If you don’t ask for it, you won’t get it.
You’ve no doubt been offered that bit of advice many times in your life, starting when you were a kid. As you discovered as a kid, asking for it is no guarantee you’ll get it.
Do you ever give your clients things that they didn’t ask for? I’m not talking about things like invoices or advice. I’m talking about unsolicited gifts that the receiver will actually be glad to get.
You have seen how presents bring smiles on birthdays.
If you need a reminder, here’s an illustration of how gifts work:
It’s your loved one’s birthday. You’re busy, too busy to spend hours wandering aimlessly around boutiques or department stores for a present. So you ask what your loved one would like. She (it makes it easier to tell the story if I select a gender) says that she’d like some earrings. Great. Off you go in your lunch break. You find something that appeals to you – dangly art nouveau-ish things. You get them gift-wrapped. You buy a card. You give them to her. She unwraps the box excitedly. She opens the lid. You can’t help but notice that the “Oh they’re lovely” doesn’t sound quite as genuine as you know she sounds when she genuinely loves something.
Why is that? Well, you were doomed even before you started. The moment she told you she’d like some earrings, she had a clear idea of the type of earrings she’d like. Maybe something she’d seen in a magazine, on a starlet, in a window. And the earrings she had in mind and the ones she now holds in her hand are about as far apart stylistically as it’s possible for two sets of earrings to be.
Okay, now let’s change the scenario a little.
Imagine you just happened to be caught in a loving mood and on the spur of the moment you decide to surprise your loved one with a present. No special occasion. You just feel like doing it.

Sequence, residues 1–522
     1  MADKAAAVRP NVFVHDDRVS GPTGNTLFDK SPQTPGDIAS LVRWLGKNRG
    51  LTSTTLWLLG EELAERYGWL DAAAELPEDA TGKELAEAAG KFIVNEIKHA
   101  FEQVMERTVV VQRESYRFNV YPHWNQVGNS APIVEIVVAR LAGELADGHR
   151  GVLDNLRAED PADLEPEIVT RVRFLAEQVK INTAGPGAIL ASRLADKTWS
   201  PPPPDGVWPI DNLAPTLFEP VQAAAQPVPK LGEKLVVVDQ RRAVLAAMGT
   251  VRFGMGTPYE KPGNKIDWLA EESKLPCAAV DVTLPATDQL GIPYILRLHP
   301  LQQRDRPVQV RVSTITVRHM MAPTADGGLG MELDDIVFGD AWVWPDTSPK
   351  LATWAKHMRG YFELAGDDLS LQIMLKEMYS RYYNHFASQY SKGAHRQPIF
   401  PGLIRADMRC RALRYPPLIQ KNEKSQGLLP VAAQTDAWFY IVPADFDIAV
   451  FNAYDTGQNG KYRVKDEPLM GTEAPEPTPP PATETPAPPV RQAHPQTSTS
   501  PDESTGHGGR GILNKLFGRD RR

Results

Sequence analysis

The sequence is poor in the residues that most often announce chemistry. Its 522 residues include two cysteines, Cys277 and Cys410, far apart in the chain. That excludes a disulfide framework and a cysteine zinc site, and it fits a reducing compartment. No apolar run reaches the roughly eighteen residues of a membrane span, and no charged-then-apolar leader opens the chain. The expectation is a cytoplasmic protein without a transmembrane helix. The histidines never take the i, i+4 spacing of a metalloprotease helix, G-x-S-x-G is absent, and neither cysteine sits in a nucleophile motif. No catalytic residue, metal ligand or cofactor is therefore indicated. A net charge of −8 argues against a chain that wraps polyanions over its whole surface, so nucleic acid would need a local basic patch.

You go into a shop, see some earrings that appeal to you – dangly art nouveau-ish things. That night, you hand her your present. You catch her by complete surprise. She unwraps the box excitedly. She opens the lid. She gazes lovingly at the earrings inside. She squeals with delight and says, “They’re beautiful” over and over again.
Why the difference in her reaction? Well, one gift was expected whilst the other one wasn’t. One didn’t meet her expectations. The other had no expectations to meet.
So it goes with clients.
Give a client the occasional gift and he or she will be eternally grateful – well, maybe not eternally, but at least until the next invoice or bungle. It almost doesn’t matter what your gift is. A research report? An idea for a new product? A way to cut manufacturing costs? They all have the same impact. What the unsolicited gift shows is that you’re thinking of your client and his or her business.
Stephen Julian, the smartest banker I have met, used to be his bank’s star manager early in his career. He would regularly sell more home loans than anyone else in the bank. Naturally, others in the bank wanted to know the secret.
Here’s what he would do:
Because people generally move as soon as settlement has taken place, Stephen would pretty much know when a family was moving in to their new house. He would wait a couple of weeks after that date. Then he’d send a huge bunch of flowers. The new homeowners were always surprised and delighted. They imagined they’d be forgotten by now – and yet here was this spectacular floral arrangement from the bank. Why 2 weeks after settlement? Because everything’s unpacked and the house is ready to show off to friends. The friends come around. They see the flowers.
Oh, what beautiful flowers.
You won’t believe who sent them to us. The bank manager!